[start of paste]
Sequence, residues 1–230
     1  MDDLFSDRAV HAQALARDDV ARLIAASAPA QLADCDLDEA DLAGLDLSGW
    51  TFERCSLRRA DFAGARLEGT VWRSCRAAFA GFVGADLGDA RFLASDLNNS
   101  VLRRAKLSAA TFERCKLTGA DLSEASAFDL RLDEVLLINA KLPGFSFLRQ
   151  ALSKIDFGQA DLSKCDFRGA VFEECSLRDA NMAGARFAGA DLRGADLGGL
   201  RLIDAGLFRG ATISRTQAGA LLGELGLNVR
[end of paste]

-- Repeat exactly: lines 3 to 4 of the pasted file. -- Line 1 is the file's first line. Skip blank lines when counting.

    51  TFERCSLRRA DFAGARLEGT VWRSCRAAFA GFVGADLGDA RFLASDLNNS
   101  VLRRAKLSAA TFERCKLTGA DLSEASAFDL RLDEVLLINA KLPGFSFLRQ